Filter:
Rockville
IN
USA
47872

Unknown

 
 
Dallas Square, behind the Paulding County Courthouse in Main Street in downtown Dallas.
Dallas
GA
USA
30132
A rough-hewn rock inscribed with the names of the county’s war dead.
 
2500 Lake of the Isles Parkway E Minneapolis, MN
Minneapolis
MN
USA
55405

Peavey Fountain on the Lake of the Isles in Minneapolis was built in 1891 as a drinking fountain for horses and was later dedicated to the horses of the 151st Field Artillery, Minnesota National Guard who died during World War I.

The fountain was installed as a monument to the horses of the 151st Field Artillery from World War I. The 151st Field Artillery Regiment was originally organized in 1864 as the First Regiment of the Minnesota Heavy Artillery, was reorganized after the Civil War, became the First Battalion Field Artillery in 1893, was redesignated the First Field Artillery in 1900, was expanded to six batteries in 1903, served on the Mexican Border from 1916 to 1917, and then was drafted into Federal Service and subsequently was redesignated as the 151st Field Artillery.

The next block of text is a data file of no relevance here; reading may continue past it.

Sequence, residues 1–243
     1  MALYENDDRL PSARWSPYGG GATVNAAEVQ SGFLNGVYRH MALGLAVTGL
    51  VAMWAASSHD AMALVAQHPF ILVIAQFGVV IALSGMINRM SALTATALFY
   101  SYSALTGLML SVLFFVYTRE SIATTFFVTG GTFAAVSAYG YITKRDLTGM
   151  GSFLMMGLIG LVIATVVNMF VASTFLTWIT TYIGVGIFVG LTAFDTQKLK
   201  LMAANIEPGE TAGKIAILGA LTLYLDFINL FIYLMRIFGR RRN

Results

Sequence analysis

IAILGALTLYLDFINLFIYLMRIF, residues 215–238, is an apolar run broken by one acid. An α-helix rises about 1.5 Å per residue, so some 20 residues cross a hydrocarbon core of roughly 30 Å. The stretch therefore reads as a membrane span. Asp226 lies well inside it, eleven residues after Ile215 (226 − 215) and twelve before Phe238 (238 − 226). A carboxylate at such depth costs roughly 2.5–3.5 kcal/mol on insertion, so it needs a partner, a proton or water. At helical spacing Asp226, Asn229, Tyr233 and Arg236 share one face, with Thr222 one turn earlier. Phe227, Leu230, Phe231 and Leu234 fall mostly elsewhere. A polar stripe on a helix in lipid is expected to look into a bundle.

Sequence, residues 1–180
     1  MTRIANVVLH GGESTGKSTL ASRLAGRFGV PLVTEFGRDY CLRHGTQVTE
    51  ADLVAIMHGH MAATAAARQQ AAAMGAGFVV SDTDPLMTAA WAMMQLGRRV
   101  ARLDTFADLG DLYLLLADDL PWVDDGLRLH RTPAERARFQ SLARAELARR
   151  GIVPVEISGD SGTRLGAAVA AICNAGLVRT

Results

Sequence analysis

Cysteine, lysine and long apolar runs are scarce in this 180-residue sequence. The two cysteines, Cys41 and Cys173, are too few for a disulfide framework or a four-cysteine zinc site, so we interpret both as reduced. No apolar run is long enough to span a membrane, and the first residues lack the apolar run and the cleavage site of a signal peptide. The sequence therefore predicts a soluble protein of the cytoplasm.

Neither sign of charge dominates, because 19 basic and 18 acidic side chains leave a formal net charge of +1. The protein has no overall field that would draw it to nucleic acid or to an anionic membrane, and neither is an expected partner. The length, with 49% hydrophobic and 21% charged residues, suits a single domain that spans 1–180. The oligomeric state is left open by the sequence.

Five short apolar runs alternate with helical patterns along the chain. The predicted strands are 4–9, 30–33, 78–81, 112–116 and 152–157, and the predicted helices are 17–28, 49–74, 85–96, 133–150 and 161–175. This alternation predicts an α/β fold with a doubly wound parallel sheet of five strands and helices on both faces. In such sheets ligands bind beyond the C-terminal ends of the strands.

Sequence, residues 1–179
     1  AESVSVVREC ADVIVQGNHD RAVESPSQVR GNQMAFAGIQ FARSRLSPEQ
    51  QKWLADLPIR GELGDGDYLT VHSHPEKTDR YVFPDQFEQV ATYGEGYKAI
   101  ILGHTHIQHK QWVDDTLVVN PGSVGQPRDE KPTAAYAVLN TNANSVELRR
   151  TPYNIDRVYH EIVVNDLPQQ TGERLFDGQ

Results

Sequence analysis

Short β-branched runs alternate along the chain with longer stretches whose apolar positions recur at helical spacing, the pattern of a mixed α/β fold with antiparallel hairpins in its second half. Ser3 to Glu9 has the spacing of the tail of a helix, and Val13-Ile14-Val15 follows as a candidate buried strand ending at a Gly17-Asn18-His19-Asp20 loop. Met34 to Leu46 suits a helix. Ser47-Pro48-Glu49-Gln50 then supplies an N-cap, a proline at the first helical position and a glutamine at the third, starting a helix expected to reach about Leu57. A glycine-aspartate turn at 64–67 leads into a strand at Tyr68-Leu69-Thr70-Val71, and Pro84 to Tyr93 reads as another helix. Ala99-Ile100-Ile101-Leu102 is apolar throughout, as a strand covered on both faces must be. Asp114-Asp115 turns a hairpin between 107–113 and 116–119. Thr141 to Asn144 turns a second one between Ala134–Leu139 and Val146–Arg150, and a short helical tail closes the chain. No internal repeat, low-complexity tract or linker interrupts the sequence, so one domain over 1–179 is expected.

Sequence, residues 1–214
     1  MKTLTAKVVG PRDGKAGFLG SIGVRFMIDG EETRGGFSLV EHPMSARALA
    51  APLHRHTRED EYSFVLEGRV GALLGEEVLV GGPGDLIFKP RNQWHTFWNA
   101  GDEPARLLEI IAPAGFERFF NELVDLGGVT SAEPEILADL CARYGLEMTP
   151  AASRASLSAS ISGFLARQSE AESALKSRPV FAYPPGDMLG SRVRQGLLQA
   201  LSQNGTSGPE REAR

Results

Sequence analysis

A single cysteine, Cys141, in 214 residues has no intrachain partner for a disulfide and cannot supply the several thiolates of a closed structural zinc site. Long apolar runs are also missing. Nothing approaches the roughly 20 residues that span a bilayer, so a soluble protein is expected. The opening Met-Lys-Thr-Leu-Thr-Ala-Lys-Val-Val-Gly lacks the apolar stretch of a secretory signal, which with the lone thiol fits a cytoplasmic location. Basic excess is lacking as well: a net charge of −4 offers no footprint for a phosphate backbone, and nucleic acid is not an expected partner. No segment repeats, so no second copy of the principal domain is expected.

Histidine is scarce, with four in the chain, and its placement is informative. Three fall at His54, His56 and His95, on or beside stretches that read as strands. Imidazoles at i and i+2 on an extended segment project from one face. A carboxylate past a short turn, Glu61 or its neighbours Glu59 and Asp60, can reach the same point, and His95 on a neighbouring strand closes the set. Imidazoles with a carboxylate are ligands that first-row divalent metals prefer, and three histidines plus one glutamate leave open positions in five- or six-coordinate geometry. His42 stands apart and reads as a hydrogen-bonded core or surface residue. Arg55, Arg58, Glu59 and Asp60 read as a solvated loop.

http://www.angelfire.com/mn/thursdaynighthikes/lakeisles_arch15.html

In 1891, Frank Hutchinson Peavey donated the fountain to the people of Minneapolis as a drinking fountain for horses. In 1917 it was rededicated as a memorial to the horses of the 151st Field Artillery Minnesota National Guard killed in action. Today, Peavey Fountain would be easy to miss standing in the middle of an island diverting car traffic between Kenwood Parkway and Lake of the Isles Parkway.

I recommend visiting the Minnesota Historical Society website to travel back in time to see what the fountain and neighborhood looked like in the early 1900s. I was curious about the fountain’s connection to Peavey Plaza in downtown Minneapolis and learned that the company Frank started in 1874, F.H. Peavey & Company (renamed Peavey Company) gave $600,000 towards the $2.5 million budget for the plaza which earned them naming rights. The gift was given in 1974, the company’s centennial year.

http://www.southwestjournal.com/focus/2016/10/a-neighborhood-for-all-seasons/

 

Pequot Lakes City Park

          
State Hwy 371 Pequot Lakes, MN 56472
Pequot Lakes
MN
USA
56472